29 September, 2010@4:19 pm
It’s no surprise that like minded individuals, John Legend and The Roots would eventually find each other collaborating on some kind of project together. Never did we expect this, however, a full length album of funk/soul covers of the 60′s and 70′s. The idea behind Wake Up was to capture the spirit of the Black community that was prevalent in those years, and apply it today’s generation as a whole.
While Legend’s own material is held in the highest regard by itself, the music on Wake Up finds him leaving his seducer’s suit hung up, as the songs here have a much broader message. It begins with “Hard Times”, a cover of the Baby Huey & The Baby Sitters track, which will immediately resonate with hip-hop heads thanks to it’s familiar horn section as sampled by Diamond D and Ghostface Killah. As an added bonus, Black Thought surprises the listener with his own rendition of the song’s message, as the band “live loops” the breakdown for his rhymes. They employ this tactic once again later on in the album on “Our Generation”, the Ernie Hines classic used for Pete Rock & C.L. Smooth’s “Straighten It Out”, nabbing bonus rhymes from C.L. himself. The addition of guest rappers is not needed, but makes things a bit more fun, also adding Black Thought to “Little Ghetto Boy” (Dr. Dre wasn’t available?) and Common on “Wake Up Everybody”.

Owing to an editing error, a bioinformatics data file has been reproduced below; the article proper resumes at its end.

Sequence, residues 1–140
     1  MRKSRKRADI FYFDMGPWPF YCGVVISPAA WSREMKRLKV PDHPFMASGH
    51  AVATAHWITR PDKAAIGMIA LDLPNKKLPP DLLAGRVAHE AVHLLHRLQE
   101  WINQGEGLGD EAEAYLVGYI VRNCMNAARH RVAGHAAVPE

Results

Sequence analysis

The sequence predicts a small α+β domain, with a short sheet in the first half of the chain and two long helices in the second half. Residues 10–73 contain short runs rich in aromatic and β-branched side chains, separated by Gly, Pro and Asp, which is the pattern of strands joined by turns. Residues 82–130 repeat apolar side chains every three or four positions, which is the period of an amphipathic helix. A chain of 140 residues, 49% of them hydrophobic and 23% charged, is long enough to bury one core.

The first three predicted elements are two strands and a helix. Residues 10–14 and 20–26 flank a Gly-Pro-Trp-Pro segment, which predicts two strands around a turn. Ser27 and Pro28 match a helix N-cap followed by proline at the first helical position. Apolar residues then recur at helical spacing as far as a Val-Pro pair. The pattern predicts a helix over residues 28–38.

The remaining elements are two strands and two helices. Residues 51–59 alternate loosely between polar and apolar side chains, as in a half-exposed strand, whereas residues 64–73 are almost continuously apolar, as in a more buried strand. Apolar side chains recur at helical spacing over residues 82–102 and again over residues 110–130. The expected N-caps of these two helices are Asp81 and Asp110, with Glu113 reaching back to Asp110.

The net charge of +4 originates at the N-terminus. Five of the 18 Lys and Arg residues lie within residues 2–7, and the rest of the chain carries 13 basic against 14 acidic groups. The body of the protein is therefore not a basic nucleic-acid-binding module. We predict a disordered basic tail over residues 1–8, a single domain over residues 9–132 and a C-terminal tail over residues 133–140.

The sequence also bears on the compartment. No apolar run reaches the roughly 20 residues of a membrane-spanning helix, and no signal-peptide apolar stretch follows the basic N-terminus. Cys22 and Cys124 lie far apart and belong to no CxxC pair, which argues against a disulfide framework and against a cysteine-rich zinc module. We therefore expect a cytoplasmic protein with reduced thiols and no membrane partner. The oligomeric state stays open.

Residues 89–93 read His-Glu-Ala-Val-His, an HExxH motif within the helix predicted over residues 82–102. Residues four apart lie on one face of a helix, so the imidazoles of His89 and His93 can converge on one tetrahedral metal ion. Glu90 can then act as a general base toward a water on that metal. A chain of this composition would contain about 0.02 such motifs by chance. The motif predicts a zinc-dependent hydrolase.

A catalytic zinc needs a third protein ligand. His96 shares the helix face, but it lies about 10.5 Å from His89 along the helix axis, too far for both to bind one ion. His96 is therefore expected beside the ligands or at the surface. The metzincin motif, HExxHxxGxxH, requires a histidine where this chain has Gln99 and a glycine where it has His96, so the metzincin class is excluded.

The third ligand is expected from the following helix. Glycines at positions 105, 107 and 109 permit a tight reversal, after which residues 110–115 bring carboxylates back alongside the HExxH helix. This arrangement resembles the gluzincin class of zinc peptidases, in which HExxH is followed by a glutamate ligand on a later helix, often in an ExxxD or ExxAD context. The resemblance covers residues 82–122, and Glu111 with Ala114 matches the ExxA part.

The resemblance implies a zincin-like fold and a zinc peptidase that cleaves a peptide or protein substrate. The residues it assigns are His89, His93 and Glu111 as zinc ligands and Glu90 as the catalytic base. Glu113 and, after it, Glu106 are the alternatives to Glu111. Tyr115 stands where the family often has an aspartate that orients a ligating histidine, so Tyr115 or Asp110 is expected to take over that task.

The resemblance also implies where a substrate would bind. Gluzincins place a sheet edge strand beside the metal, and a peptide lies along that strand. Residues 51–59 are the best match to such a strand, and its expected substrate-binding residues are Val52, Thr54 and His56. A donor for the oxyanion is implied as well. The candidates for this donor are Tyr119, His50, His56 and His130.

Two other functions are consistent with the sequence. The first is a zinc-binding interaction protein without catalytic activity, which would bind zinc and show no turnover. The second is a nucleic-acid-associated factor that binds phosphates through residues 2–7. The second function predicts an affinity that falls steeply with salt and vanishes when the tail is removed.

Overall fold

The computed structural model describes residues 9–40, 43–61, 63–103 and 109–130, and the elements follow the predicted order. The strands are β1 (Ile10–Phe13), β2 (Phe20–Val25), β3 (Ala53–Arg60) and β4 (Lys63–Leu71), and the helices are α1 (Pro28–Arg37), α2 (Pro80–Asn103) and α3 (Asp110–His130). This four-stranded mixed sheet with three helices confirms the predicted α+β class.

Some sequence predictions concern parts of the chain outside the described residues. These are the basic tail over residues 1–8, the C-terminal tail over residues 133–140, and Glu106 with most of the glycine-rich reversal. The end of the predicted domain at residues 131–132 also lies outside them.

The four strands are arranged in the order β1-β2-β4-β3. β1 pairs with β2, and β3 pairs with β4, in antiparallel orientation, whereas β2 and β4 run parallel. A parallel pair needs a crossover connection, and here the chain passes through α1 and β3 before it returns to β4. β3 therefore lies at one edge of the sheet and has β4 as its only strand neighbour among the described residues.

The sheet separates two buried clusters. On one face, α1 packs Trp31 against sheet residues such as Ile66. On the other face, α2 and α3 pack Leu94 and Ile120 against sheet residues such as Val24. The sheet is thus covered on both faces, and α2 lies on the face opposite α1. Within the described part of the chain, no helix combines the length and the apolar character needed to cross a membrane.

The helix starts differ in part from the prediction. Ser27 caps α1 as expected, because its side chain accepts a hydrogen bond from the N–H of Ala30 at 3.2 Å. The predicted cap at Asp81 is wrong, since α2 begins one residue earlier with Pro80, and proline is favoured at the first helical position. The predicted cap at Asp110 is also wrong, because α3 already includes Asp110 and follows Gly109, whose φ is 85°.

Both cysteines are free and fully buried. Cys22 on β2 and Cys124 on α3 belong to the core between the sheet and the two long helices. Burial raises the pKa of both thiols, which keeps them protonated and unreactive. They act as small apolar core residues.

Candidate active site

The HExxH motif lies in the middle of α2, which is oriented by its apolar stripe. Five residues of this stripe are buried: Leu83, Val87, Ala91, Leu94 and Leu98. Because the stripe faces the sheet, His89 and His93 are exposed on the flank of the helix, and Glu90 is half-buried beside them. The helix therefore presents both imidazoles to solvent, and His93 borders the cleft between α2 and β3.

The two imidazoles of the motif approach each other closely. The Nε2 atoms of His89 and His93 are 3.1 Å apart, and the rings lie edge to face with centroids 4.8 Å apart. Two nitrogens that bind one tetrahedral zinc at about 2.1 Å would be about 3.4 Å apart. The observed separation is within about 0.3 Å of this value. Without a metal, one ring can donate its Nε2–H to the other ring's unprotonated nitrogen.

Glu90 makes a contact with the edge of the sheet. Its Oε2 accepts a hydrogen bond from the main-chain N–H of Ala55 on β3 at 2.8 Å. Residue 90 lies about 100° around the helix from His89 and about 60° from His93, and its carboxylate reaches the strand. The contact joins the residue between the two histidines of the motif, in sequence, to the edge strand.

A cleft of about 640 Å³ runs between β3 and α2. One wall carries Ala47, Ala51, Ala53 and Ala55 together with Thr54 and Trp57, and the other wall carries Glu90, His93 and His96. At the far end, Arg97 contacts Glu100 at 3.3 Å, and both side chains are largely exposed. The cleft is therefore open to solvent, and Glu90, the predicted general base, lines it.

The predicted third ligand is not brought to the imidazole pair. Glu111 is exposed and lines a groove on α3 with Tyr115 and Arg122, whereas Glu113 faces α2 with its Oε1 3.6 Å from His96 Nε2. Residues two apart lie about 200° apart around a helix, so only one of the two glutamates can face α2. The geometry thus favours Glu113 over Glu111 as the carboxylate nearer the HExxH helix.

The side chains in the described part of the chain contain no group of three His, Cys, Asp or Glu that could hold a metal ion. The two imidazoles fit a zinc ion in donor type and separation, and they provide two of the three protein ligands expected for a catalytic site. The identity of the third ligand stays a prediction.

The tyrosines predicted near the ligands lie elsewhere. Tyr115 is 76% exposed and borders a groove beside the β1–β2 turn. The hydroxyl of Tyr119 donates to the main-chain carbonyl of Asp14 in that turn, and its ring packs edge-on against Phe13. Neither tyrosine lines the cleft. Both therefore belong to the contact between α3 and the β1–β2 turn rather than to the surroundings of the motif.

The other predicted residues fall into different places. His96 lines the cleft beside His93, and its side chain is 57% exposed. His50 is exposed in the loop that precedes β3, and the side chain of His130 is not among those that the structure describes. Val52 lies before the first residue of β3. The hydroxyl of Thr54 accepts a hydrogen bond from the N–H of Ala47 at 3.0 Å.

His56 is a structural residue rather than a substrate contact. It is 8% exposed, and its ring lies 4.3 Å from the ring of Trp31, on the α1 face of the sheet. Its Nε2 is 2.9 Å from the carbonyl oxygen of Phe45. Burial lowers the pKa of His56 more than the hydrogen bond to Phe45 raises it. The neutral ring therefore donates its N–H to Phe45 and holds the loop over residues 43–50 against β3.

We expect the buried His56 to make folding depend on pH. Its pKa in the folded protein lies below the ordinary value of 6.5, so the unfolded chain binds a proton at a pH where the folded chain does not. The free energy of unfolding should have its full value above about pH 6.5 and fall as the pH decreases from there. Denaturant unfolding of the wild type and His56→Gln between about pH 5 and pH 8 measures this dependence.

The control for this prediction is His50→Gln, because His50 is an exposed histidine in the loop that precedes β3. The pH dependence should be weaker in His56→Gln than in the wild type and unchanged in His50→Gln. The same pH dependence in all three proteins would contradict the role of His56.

While this arguably gimmicky approach to selling the idea of this album to the more stubborn hip-hop heads works, Legend’s buttery voice is the true highlight of this record. His twelve minute rendition of Bill Withers’ Vietnam-aftermath track “I Can’t Write Left-Handed” carries eerie relevance to today’s post-Iraq America, as Legend pours his heart out on both vocals and the keys. The only seemingly out of place cover here is that of reggae band Prince Lincoln Thompson and the Royal Rasses’ “Humanity”. Same era, but a completely different sound than the rest of the record. The original track, “Shine”, caps things off; a poignant addition taken from the Waiting For “Superman” soundtrack.
Both The Roots and John Legend have reached a point in their careers where embarking on an offshoot project like this will demand respect, rather than being looked at with cocked eyebrows. Summing it all up, the experiment that is “Wake Up!” works beautifully, providing a stark contrast to anything else out there in modern R&B music today.
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